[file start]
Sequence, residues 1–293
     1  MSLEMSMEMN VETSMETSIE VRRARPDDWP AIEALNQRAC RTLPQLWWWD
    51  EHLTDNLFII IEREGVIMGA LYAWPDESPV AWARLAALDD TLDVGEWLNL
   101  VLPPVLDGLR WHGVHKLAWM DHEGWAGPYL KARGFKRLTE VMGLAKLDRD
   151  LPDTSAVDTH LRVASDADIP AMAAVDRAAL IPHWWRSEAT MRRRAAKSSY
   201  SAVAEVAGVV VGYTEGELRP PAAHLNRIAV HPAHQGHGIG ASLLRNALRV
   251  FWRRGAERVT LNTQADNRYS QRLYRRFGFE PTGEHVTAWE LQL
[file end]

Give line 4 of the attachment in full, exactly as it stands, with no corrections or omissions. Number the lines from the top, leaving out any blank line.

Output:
   101  VLPPVLDGLR WHGVHKLAWM DHEGWAGPYL KARGFKRLTE VMGLAKLDRD